Sumo Wrestler


Sumo is known throughout the world as one of the most unique and exciting full-contact sports in existence. Sumo wrestling is a match of two large men facing off in a circular ring (dohyō). The man who can force the other out of the circle is the victor. A wrestler can also win by making his opponent touch the ground with any part of his body other than the bottoms of his feet. Japan, the country that created the sport of sumo wrestling, is the only country that supports professional matches. Sumo is considered by most to be one of the gendai budo (modern Japanese martial art), but the long history of the sport means that that classification is not correct.

Sumo includes many elements of ritual including the use of salt for purification. This comes from the time when sumo was practiced as part of Japan's Shinto religion. A sumo wrestler leads a highly-regimented life that is ruled by the Sumo Association's laws. It is required for most of the wrestlers to live a communal existence with their fellow fighters. The heya (sumo training stables) is a place that respects the strict traditions of the sport and controls most aspects of the wrestlers' daily lives, including their meals and clothing.

Sumo has six divisions.  These divisions are makuuchi, which can include forty-two wrestlers, juryo, which can include twenty-eight wrestlers, makushita, which includes one hundred and twenty members, sandanme, which has two hundred wrestlers, jonidan, which includes two hundred and thirty wrestlers, and jonokuchi, which has eighty wrestlers.  Each wrestler enters the professional sport in the lowest division, which is jonokuchi, and works his way up from division to division.  The wrestlers who make up the highest two divisions are called sekitori.  The wrestlers Of the lower divisions are called rikishi.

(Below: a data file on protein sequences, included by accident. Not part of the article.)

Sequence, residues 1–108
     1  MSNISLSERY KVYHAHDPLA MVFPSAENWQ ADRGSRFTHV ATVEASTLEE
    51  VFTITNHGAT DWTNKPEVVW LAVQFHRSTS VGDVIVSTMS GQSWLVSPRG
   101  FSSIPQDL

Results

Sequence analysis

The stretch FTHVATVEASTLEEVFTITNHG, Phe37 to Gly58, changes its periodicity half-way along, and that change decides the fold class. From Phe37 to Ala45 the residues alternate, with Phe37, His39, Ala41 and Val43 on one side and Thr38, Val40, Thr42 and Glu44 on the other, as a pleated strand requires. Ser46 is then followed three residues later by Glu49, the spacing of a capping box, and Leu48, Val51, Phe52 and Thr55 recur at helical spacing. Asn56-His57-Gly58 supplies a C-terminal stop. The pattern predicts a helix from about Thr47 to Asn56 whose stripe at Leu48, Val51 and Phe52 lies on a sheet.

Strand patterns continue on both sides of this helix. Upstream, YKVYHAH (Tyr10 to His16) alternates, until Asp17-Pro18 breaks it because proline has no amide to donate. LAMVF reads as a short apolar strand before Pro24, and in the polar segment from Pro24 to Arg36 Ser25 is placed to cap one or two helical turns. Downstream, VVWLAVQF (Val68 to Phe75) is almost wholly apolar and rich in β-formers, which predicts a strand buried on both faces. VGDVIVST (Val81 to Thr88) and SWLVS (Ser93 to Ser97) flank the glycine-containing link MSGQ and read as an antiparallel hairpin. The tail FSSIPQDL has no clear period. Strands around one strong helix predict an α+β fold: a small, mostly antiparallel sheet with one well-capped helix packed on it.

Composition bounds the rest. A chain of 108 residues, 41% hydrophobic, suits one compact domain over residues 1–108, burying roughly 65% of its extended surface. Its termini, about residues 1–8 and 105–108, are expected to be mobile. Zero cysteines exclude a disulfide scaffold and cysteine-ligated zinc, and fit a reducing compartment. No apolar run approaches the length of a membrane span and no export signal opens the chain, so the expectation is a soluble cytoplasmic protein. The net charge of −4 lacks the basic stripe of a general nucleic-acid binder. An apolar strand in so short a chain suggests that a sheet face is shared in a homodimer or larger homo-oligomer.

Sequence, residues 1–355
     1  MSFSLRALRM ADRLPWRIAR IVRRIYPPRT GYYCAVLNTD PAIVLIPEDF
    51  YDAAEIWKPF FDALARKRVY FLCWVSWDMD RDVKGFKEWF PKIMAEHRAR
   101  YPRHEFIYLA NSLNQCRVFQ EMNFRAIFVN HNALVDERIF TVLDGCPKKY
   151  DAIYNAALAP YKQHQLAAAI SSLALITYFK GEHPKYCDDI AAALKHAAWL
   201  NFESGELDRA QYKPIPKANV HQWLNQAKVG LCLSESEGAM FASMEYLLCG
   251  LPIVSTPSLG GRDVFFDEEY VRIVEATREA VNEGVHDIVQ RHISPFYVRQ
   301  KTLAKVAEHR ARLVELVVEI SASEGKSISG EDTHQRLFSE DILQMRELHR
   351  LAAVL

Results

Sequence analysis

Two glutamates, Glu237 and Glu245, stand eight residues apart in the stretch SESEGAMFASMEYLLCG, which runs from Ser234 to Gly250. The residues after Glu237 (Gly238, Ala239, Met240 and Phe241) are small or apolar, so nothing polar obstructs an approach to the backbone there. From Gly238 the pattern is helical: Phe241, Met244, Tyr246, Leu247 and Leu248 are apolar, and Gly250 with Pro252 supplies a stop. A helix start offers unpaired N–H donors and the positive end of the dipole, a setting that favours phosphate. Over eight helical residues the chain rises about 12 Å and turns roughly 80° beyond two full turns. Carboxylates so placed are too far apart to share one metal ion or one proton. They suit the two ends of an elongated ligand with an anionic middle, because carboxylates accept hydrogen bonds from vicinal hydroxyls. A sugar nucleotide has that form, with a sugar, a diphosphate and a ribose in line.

Fans of the sport pay the most attention to the makuuchi division.  It also has the heircharchy that is the most complex.  Most of the wrestlers are called maegashira.  They are a rated, with number one being the best and number seventeen being the worst.  There are three champion ranks that are above the prestige of the maegashira.  These are known as the sanyaku.  From the highest to the lowest, these champion ranks are the komusubi, the sekiwake, and the ōzeki.  The very top rank is yokozuna.  These are the grand champions.  They are expected to win the top tournament titles.  Naturally, it is very difficult to make it into the Yokozuna.  The criteria for a member of the ōzeki to be considered to join the yokozuna is winning two consecutive championship titles or to achieve some sort of equivalent performance.  The Grand Sumo Tournaments (honbasho) are the only matches that are used to determine distinctions.  Exhibition matches have absolutely no bearing on how a wrestler is ranked.

The amazing exhibition of physical power and the unique dedication to ancient ritual make sumo a very interesting and exciting sport to watch, whether on television or in person.